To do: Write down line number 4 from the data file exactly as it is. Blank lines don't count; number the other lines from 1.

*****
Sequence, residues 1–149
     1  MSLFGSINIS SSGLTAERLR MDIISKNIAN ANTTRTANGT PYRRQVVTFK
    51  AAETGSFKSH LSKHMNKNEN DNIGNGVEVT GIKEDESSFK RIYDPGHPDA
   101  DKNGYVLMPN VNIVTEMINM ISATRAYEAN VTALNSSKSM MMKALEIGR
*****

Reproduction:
   101  DKNGYVLMPN VNIVTEMINM ISATRAYEAN VTALNSSKSM MMKALEIGR